Fish Stew

100 g carrot
100 g leek
100 g swede
100 g onion
1 l vegetable/fish stock

1 can fish in tomato sauce (vendace or other similar fish) bay leaf, whole black and white pepper Serving suggestion: smetana/crème fraîche, dill, parsley and lemon. Sauté the vegetables in a pot. Add the hot stock, season and let simmer. Add the fish when the dish is almost ready. Portion into bowls and garnish. The stew can be served with toasted rye bread.

Jacket Potatoes

8 well cleaned potatoes (for example Rosamunda or Asterix)

Put the potatoes in an oven-proof dish and place directly on the grate. You can also wrap the potatoes in tin foil, which will keep them cleaner. Bake for 1 1/2 hours in low heat towards the end of the food preparation session.

Wild Mushroom Soup (serves four)

3-4 tbsp. powdered wild mushroom
2 tbsp. butter
50 g onion
50 g wheat flour
9 dl water or milk
2 dl cream
1/4 tsp. white pepper

Melt the butter in a pot. Add chopped onion and powdered mushroom. Let simmer for a while. Add flour and let simmer. Add the liquid hot, stirring continually. Season and let simmer for approximately 10 minutes. Add cream and bring to the boil.

Wild mushroom sauce
4 tbsp. powdered wild mushroom
2 tbsp. butter
50 g onion
50 g wheat flour
5 dl water or milk
Prepare like the soup.

Masonry Heater Design House FAQs and Resources

Get all your questions answered here

Faqs nd Resources

What is a Tulikivi? A Tulikivi is a masonry wood burning fireplace that uses soapstone to store heat and radiate it back into the room. Tulikivis come in a variety of shapes and sizes and can be see-through, have bake ovens and cook-tops, and designed to go in a corner. Tulikivi is the largest manufacturer of heat storing fireplaces and their fireplaces are UL listed. For more information visit www.tulikivi.com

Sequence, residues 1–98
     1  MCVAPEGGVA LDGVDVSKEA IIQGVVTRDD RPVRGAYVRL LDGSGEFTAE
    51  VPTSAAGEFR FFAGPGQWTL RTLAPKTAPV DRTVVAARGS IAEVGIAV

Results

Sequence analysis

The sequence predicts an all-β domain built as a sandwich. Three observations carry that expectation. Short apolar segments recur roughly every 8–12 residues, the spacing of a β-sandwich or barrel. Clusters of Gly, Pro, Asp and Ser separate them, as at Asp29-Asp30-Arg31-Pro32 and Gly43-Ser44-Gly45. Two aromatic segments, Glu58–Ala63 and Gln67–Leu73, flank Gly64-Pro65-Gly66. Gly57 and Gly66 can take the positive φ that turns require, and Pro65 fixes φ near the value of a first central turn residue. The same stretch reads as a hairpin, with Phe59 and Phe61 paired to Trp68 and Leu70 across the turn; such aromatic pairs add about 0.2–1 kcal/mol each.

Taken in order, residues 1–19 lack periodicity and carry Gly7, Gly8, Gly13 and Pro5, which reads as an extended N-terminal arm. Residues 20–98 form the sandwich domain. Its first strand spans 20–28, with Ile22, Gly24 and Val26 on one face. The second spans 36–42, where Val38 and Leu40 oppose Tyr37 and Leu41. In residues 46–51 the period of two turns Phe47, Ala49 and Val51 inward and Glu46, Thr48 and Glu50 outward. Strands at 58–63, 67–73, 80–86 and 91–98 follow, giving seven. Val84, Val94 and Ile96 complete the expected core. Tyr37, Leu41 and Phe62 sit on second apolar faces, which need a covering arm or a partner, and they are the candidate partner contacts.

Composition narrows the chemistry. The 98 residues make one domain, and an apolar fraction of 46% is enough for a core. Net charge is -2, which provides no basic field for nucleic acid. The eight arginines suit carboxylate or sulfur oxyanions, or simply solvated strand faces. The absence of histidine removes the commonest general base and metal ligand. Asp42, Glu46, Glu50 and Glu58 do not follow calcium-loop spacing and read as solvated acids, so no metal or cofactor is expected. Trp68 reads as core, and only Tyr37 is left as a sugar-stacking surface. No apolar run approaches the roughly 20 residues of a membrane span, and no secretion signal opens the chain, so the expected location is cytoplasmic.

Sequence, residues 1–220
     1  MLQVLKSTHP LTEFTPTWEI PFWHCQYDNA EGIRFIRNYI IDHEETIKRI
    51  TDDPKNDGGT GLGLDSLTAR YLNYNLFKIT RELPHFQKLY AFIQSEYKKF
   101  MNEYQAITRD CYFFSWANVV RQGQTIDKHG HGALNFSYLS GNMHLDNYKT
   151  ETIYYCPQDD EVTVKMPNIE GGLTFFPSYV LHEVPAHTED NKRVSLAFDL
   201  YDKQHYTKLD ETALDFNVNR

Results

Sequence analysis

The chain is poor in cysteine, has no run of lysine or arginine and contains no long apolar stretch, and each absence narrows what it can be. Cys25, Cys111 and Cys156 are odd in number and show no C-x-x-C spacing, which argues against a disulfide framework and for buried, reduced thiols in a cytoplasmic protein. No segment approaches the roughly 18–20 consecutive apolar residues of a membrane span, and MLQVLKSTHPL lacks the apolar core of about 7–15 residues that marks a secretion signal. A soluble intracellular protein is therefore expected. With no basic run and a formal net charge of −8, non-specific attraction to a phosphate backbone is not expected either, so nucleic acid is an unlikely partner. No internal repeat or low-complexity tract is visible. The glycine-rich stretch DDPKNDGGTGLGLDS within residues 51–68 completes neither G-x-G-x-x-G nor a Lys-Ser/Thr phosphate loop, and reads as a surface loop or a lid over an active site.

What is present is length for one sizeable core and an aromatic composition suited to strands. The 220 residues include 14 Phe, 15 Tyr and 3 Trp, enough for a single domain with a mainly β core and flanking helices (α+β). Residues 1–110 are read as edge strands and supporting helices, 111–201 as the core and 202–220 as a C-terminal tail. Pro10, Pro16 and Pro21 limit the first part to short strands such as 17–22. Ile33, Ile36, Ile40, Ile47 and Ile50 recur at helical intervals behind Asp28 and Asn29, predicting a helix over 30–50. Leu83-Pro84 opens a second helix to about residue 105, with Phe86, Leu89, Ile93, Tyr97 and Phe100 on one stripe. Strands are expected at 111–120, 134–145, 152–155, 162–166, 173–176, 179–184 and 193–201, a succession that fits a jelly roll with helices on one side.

What makes a Tulikivi different from other types of wood-burning fireplaces and stoves? Tulikivis do not have temperature swings like steel or cast iron wood stoves, and they don't pull all the heat out of the home like an open hearth fireplace. A Tulikivi provides a gentle warm radiant heat, similar to how the sun feels on your skin on a cool sunny day. They use less wood and burn it cleanly, resulting in less ash to empty and chimney flue system maintenance. Typically a 1-3 hour fire using 20-75 lbs of wood will produce heat for 12-24 hrs. Larger Tulikivi's are rated for more wood and heat output than smaller Tulikivis. From a safety point of view there is no safer fireplace available when installed and operated properly. It is not necessary to have a fire burning during the night while you are sleeping. The heat stored from the evening's fire will be there all through the night and into the next day.

Are they easy to operate? Yes, follow the instructions provided by the Tulikivi dealer for “break in firings” and normal use and follow these simple rules: (1) Know that you have established a proper draft before lighting a fire by opening the proper dampers and priming if necessary (2) Use the driest wood you have available and plan ahead to keep a good supply of dry wood on hand for future fires. Damp or wet wood will produce less than favorable results. (3) Do not choke the fire down, keep a bright clean flame burning. Practice the art of the “top down” burn where the kindling goes to the top, middle or front of the wood. Just as a candle can burn from the top down, so can your fireplace. (4) When the fire is out and the coals are no longer visible, close your dampers as instructed by the company that provided the Tulikivi. Depending on your project this may include ash and fire door dampers, start up and bake oven dampers and also the main flue exit damper. When in doubt, keep the main exit dampers open to allow residual flue gases to escape.